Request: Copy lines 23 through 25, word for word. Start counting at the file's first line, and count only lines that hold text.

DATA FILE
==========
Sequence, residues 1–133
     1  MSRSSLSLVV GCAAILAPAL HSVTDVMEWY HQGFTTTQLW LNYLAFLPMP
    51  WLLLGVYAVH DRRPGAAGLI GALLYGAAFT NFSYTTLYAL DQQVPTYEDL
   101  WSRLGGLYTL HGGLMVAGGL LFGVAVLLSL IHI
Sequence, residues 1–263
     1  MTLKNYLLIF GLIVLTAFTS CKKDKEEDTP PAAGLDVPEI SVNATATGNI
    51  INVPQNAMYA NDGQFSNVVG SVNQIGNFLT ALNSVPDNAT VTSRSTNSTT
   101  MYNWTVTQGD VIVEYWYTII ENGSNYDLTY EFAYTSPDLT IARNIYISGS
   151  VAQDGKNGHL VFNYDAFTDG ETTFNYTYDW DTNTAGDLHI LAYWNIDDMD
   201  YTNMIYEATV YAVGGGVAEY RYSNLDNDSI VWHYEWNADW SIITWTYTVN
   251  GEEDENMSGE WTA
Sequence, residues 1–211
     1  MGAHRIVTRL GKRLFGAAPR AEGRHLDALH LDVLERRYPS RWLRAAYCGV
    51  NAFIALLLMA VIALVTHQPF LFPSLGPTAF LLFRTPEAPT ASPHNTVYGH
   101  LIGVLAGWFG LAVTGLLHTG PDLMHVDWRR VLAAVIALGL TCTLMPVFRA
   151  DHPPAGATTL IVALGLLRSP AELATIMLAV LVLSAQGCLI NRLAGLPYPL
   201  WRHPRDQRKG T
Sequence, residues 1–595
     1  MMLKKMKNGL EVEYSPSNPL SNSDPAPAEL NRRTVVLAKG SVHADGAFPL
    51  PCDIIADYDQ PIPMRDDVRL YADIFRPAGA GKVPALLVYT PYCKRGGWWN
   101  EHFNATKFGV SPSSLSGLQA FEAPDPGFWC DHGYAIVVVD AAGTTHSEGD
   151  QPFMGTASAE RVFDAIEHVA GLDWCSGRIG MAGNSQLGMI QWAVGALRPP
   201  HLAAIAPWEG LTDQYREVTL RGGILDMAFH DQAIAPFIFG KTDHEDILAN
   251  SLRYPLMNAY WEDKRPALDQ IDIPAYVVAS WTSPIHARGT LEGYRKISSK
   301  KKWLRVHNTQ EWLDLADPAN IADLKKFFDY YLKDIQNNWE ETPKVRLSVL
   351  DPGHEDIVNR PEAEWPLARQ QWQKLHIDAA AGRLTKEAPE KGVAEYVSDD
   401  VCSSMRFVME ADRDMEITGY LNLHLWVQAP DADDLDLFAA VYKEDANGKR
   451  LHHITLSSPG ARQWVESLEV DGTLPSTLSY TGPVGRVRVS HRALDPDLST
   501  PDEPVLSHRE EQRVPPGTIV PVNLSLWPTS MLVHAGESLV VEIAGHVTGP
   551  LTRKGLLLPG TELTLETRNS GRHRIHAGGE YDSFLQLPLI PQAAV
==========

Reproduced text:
   201  HLAAIAPWEG LTDQYREVTL RGGILDMAFH DQAIAPFIFG KTDHEDILAN
   251  SLRYPLMNAY WEDKRPALDQ IDIPAYVVAS WTSPIHARGT LEGYRKISSK
   301  KKWLRVHNTQ EWLDLADPAN IADLKKFFDY YLKDIQNNWE ETPKVRLSVL